N254CD has been sold. After 2 years of ownership my final observations are as follows:
Get a partner. With 2 people using the priority pilot scheduling, we never had a conflict. For all practicable purposes I had my own plane. The really nice part was when the $2,000 bill for the annual came, it only cost me $1,000. When I sent the $855 check for 3 months of hangar rental it only cost me $427.50, and when I sent the $6,000 insurance check it only cost me $3,000. The only down side was that without a partner, I would have sold the plane a lot sooner. If most of your flying is for the pleasure of flying, rent. I only made one trip were I required advance reservations at my destination (it was canceled because of a CAPS SB). The second attempt was successful, but I had my first autopilot failure at the beginning of the flight and I should have canceled it again. The rest of my flights (except to the service center) were unplanned $100 hamburgers (which in some cases required 8 to 12 hour round trips), so I could have requested a rental plane, and if it wasnÂ’t available then I wonÂ’t go, no loss. The really nice part about renting is that if there is a problem with the plane, I tell the FBO and I go home. I donÂ’t have to fix it, I donÂ’t care what it will cost, how long it will require, where I have to take, or how I will make the arrangements.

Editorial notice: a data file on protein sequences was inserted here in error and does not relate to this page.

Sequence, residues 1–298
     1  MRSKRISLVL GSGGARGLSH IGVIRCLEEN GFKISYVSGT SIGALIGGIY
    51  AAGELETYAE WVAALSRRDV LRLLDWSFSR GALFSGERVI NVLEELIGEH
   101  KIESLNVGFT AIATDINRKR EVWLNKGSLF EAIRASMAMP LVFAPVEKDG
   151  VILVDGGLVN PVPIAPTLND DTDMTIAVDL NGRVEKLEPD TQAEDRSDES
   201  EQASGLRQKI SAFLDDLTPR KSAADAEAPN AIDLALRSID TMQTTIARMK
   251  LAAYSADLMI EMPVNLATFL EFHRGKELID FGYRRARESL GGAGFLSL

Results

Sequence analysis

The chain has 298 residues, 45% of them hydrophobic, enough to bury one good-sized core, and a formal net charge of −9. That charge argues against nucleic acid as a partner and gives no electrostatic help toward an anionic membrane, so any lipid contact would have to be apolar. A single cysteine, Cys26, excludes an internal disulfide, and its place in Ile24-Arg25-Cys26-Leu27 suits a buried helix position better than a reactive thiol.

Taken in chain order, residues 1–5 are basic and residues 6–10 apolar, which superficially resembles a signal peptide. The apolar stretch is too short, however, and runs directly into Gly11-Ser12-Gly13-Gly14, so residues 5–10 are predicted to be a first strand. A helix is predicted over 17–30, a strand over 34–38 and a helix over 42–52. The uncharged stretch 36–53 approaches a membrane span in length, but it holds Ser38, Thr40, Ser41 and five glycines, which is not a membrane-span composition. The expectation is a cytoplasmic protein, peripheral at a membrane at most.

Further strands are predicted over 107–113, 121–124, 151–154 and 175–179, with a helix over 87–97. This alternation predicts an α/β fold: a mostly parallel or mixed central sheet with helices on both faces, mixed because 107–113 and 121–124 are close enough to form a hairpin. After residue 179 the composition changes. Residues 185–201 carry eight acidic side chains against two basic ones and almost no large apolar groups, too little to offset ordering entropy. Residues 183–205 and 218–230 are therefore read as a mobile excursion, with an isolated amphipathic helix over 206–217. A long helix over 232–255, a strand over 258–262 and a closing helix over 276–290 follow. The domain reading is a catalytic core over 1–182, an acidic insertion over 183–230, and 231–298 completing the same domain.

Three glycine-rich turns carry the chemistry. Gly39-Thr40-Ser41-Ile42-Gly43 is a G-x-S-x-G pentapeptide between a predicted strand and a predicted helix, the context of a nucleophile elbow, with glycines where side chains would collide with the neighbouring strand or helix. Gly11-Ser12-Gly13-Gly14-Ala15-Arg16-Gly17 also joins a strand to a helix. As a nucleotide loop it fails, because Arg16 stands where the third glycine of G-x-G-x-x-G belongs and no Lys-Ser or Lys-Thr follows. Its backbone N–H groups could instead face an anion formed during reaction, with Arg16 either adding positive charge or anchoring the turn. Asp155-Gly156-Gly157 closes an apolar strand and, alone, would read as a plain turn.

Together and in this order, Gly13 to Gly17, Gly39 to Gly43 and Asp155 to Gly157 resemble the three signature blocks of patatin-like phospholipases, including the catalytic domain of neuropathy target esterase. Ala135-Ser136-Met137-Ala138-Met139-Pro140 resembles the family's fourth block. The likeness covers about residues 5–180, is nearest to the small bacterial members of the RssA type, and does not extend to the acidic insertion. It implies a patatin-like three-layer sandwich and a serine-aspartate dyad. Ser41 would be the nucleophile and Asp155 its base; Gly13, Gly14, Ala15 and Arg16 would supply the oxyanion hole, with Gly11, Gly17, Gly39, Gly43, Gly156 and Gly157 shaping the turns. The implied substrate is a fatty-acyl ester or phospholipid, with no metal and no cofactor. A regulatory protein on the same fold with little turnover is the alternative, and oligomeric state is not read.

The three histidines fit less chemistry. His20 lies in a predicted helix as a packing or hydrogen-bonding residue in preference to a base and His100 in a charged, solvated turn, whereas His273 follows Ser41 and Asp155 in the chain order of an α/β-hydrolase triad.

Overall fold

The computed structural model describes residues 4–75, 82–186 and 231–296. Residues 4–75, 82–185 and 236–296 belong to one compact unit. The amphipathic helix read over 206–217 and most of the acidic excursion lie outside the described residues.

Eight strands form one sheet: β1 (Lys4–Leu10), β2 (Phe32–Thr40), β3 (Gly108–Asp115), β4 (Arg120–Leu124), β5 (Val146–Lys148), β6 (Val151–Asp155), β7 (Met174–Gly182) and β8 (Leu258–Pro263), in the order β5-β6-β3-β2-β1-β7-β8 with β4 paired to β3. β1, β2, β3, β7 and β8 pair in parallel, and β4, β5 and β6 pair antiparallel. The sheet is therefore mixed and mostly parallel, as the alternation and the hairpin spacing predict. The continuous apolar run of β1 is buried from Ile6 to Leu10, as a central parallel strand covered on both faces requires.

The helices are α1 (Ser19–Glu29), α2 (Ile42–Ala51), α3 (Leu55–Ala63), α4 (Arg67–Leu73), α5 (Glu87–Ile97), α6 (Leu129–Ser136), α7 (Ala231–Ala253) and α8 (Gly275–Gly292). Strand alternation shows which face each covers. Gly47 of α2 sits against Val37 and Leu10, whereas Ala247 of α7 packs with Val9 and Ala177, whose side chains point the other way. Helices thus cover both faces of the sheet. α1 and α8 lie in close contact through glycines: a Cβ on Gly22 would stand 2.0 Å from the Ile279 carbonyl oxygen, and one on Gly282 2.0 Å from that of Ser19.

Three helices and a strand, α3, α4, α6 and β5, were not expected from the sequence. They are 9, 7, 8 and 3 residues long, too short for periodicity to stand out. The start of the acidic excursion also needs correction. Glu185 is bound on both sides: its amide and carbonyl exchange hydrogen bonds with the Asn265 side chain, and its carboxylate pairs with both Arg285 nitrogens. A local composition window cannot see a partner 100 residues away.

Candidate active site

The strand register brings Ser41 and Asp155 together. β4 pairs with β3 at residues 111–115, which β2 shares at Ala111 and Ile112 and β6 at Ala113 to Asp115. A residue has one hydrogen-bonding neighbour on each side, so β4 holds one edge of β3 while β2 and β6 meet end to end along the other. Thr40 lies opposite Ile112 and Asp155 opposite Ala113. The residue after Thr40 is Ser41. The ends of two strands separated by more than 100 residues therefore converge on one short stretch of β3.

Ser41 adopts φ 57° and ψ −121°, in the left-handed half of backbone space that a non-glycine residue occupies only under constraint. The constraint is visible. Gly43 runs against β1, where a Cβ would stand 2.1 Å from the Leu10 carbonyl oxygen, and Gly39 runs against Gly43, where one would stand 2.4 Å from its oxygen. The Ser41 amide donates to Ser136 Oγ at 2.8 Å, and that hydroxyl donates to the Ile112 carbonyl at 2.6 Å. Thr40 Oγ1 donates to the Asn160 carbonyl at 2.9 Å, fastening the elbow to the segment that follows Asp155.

What did the SR20 cost after 2 years, 1 month, and 14 days?
Cost of plane (purchase - sale) $81,000 Insurance 14,430 Hangar 11,348 Fuel 5,047 Maintenance 5,557 Inspections 2,923 Charts/databases 1,995 Fees & supplies 1,497 Oil 877 124,674 The plane was flown for a total of 250 hours, but 50 of those were from GAI to LNS and back for maintenance. So if you exclude those, then only 200 hours were used for the Â“missionÂ”. If you assume the average time in the service center shop was 4 hours per visit then we spent 150 hours maintaining the plane for 200 hours of mission flight. It also means that the plane cost $623 per mission hour (not including the cost of capital). If you donÂ’t like the mission hour concept then the cost drops to $498 per flight hour. Obviously, if we had flown more it would have cost less, but since it spent so much time grounded waiting for a service appointment or in the service center we really couldnÂ’t fly it more. We had 25+ visits to the service center with an average wait of 2 weeks for an appointment, so half the time we owned the plane it was waiting for service. The final observation is that, if for whatever reason you feel you most own, donÂ’t buy new. The guy who bought our 2002 SR20 Â“CÂ” for $145,000 got a much better deal than we got (assuming the plane, as some claim, will become more reliable as it gets older).